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What Zimbabwe MPs said about the Constitution Amendment Bill- Part Six

So, I want my colleagues; this time I am not just pleading or begging the Hon. Vice President, I am also pleading, begging and appealing to all my colleagues that for once, let us put the interests of Zimbabwe first.  Let us not look at our own partisan interests.  Let us not look at who is the current incumbent, let us look at what might happen in the future.  I know that we are going for elections, as far as my colleagues are concerned, it is a fait accompli, “it is a done deal, but in politics it does not always happen that way” – [HON. MISIHAIRABWI-MUSHONGA: That is Theresa May.] – Yes, thank you very much my Hon. Sister, we had a situation where the Hon. Prime Minister of Great Britain and Northern Ireland thought that it was an opportune time to call for an early election thinking that she was going to get an even bigger majority and what has happened, alas!  She is now the leader of a minority party.  Let us think about that very carefully that we never know where the dice is going to fall when it comes to the next election.

I want to ask our esteemed Hon. Vice President to consider this.  At least a lot of Hon. Members have made reference to the amendments.  In their system, they actually say on the advice and with the approval of the Senate.  So, at least their Senate must approve that appointment.  If we are to have this amendment, obviously I am against it, but if we are to have it at all, let us seriously consider what Hon. Ziyambi has said and have a scenario where we have at least either the Senate or better still, we say the National Assembly, which comprises of all the directly elected Members.  We say that perhaps the National Assembly should give its approval so that we have at least a majority of the total membership of this august House.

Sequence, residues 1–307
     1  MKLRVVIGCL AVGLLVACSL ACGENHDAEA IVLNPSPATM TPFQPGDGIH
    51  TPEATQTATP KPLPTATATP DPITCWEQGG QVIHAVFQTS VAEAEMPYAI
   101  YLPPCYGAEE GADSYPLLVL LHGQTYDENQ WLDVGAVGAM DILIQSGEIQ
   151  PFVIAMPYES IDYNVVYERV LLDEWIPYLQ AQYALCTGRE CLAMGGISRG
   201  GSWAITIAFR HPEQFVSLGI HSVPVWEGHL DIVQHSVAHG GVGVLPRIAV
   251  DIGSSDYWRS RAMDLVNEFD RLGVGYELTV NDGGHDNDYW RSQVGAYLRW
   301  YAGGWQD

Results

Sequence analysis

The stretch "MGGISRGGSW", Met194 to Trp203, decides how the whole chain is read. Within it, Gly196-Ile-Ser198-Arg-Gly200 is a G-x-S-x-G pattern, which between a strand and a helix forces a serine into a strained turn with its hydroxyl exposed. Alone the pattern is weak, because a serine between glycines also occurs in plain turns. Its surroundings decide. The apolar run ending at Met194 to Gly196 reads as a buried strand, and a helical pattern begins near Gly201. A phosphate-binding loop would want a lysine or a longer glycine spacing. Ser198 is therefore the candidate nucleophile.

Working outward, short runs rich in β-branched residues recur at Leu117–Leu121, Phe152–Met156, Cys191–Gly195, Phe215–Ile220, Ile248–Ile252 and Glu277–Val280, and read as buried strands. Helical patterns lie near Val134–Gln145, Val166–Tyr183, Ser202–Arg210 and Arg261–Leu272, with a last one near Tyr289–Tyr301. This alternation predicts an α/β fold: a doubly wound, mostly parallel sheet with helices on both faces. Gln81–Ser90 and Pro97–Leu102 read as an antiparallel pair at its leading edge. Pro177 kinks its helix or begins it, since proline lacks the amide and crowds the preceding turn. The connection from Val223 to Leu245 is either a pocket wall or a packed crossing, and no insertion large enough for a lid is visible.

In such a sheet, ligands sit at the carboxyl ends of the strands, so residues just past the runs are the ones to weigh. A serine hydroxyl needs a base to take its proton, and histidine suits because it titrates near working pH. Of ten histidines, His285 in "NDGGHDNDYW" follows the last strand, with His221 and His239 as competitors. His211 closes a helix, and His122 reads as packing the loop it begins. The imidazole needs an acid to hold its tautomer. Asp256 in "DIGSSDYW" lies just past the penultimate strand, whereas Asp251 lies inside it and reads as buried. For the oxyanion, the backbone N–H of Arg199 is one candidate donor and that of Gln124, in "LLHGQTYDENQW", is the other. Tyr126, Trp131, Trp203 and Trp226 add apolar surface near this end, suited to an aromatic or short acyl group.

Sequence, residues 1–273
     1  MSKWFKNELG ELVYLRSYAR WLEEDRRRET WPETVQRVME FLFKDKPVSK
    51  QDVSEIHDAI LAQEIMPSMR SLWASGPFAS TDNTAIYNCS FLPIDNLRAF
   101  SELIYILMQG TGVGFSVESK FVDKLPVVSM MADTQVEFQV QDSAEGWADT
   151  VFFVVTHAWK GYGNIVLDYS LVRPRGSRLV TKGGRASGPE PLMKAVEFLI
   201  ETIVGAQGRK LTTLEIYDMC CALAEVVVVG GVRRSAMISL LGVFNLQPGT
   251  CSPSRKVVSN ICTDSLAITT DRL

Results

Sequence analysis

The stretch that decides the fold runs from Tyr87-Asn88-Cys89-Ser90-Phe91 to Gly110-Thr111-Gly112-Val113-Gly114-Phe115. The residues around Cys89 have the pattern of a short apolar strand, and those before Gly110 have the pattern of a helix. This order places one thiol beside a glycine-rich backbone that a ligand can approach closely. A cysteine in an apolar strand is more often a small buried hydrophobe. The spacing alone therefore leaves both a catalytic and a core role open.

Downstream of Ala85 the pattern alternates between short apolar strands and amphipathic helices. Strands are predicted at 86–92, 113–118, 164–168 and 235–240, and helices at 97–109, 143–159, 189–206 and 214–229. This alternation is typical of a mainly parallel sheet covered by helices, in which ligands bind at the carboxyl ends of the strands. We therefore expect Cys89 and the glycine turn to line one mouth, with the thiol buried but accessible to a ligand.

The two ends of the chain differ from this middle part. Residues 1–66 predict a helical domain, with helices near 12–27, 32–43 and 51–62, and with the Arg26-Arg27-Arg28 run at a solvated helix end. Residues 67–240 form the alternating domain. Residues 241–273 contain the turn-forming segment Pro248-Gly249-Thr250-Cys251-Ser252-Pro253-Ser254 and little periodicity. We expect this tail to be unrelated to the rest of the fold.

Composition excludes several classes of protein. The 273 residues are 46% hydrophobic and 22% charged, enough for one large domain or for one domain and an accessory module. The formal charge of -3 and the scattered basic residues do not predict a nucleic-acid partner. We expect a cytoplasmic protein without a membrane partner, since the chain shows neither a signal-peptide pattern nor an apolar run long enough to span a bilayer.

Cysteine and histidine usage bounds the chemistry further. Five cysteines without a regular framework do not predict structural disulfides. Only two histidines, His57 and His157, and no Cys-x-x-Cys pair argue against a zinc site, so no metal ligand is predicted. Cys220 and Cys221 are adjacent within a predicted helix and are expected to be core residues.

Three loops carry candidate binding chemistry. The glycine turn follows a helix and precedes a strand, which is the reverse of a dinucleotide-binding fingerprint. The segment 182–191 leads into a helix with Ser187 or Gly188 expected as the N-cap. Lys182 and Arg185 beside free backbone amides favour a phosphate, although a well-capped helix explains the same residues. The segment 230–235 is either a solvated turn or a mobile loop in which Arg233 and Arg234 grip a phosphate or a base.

If we have a total membership of 270 and then we say that – like in the Kenyan scenario, whenever that appointment is to be made, they also seek the approval of their National Assembly.  I want to say, that is perhaps a better devil.  So we are saying let us take away the power from the Judicial Service Commission (JSC).  I know that sentiments have been expressed that the Judicial Services Commission is comprised of unelected people…

THE DEPUTY CHAIRPERSON: Order Hon. Member, wind your debate.

HON. GONESE: Yes, but I think I am making very important points.  I am saying at least if you are saying the Judicial Services Commission is comprised of unelected people, let us now come to this august House which is comprised of elected people so that at least we subject the President’s choice to the approval of this august House.  I want to make reference to South Africa, it actually says; the President can make an appointment of the Chief Justice, but he or she must consult the leaders of all the political parties represented in their Parliament no matter how small.  Even that other small party with two or three Members of Parliament, we have got Romisa’s Party, Inkatha Freedom Party and so on, all those parties have to be consulted in terms of that appointment being made.

Before I conclude, Hon. Chairman, I would like to join my colleague, Hon. Majome, who raised the issue about the provision in sub-clause 2 –  again, that notorious clause, for the avoidance of doubt, that when this Bill was being crafted, it was envisaged that there will be a vacancy in the office of the Chief Justice.  There was a spirited attempt by one Romeo Zibani who even went to the High Court and got a judgment and on appeal to the Supreme Court, that judgment was overturned.

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